Duration: August 20th to approx. November 2nd, 2021
Area: Benguela Current in the South Atlantic
Purpose: Investigations within the project TRAFFIC
Scientist in charge: PD Dr. Tim Rixen, Leibniz Centre for Tropical Marine Research (ZMT)
Off the coasts of Namibia and South Africa lies the Benguela Upwelling System, one of the most productive and fish-rich regions of the Atlantic Ocean. In the 1970s, however, fishing yields of sardines, which had been caught predominantly until then, declined. With climate change, other fish species and also jellyfish moved into the region.
The research expedition aims to find answers to the question of how climate change affects the marine ecosystem off South Africa and Namibia and its services with regards to fisheries and ocean CO2 storage. As climate change is gaining momentum and the ocean is relatively slow to respond to it, the research on the RV SONNE is integrated into various long-term observation strategies. These are primarily initiatives of the partner institutions in Namibia and South Africa, but also international programmes.
The task of the researchers on board is to decipher processes that help to clarify how the circulation of the ocean under the influence of regional coastal morphology affects the productivity of the marine ecosystem as well as its capacity to store CO2. Understanding such processes is essential to improve predictions and adapt guidelines for the use of marine ecosystems to global change and thus contribute to food security and climate protection.
The cruise is part of the research project TRAFFIC („Trophic Transfer Efficiency in the Benguela Current“), joined by five German and five Namibian and South African research institutes. It is coordinated by the Leibniz Centre for Tropical Marine Research (ZMT) and funded by the Federal Ministry of Education and Research (BMBF). On this cruise, a scientist of the Thünen Institute of Sea Fisheries, Sabrina Duncan, is on board.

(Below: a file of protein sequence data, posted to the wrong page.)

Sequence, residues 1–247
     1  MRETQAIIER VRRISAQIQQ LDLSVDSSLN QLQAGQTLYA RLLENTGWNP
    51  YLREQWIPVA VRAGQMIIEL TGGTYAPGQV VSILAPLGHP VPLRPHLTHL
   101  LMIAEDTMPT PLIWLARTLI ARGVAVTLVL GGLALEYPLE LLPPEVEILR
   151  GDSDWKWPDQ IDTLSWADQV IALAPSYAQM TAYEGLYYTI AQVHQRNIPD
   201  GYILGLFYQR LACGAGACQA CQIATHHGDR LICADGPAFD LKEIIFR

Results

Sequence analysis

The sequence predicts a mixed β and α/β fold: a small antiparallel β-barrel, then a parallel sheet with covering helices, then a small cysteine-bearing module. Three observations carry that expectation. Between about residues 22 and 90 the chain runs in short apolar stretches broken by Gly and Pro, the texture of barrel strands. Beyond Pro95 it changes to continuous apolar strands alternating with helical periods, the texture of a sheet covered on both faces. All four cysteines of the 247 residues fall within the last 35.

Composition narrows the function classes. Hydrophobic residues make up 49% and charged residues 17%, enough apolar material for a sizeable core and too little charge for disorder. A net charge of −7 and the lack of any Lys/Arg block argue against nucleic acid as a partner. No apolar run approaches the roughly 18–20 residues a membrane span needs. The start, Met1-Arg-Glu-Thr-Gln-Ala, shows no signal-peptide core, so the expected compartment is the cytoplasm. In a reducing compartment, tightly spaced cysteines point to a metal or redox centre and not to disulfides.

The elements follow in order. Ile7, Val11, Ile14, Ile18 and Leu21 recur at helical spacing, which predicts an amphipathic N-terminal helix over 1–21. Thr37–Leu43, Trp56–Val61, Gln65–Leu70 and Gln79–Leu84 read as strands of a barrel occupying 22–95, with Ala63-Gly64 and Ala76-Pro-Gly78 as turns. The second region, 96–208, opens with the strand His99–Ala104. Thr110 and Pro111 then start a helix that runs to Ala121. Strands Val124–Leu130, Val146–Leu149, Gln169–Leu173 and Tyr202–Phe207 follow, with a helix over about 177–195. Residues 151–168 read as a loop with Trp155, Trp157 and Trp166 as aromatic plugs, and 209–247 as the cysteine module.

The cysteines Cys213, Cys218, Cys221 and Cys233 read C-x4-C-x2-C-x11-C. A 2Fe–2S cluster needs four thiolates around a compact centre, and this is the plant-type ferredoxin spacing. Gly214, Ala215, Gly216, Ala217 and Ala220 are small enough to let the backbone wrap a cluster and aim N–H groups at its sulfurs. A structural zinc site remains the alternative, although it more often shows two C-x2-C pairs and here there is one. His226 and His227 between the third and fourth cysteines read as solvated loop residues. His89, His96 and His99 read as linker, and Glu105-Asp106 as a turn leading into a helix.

Sabrina Duncan reports:
After 73 days, and 16,864 nautical miles behind us, we arrived in the Port of Emden on November 1. During the day gear was prepared by the crew for the Sonne 286 expedition and our containers were packed with the last crates we had left out. The following morning, dry ice was delivered so samples could be taken to each institute and after lunch we all left the place we called home for 10 weeks. After spending so much time immersed in station work and good company (in a Covid-free bubble) it felt strange to leave the ship…
During the cruise we had a total of 150 CTD casts, 52 multinet hauls for phytoplankton, 54 multinet hauls for zooplankton, 45 multinet hauls for small pelagics, and 64 RMT hauls for mesopelagic fishes. Samples that were collected will be processed in Bremen, Hamburg, Rostock, and even Cape Town.
Some samples such as the identification of fish or the counting and identification of zooplankton from the RMT and catamaran may take several months to analyze, followed by statistical analysis and finally written reports and publications.
One of our main aims is to compare the current data, to that collected in the austral summer on the R/V Meteor 153 cruise in 2019 so that we can see what effect seasonality has on environmental parameters and the fauna of the region. Overall, we want to give a big thanks to all the crew, Captain Oliver Meyer, cruise leader Tim Rixen, and all the researchers that made this a once in a lifetime experience!
The Zooplankton group reports:
Moin! We, Hanna Stegeman, Tine Jordan, and Alix Rommel are the zooplankton group aboard the RV Sonne. We are here on behalf of the Marine Zoology group of the Bremen University.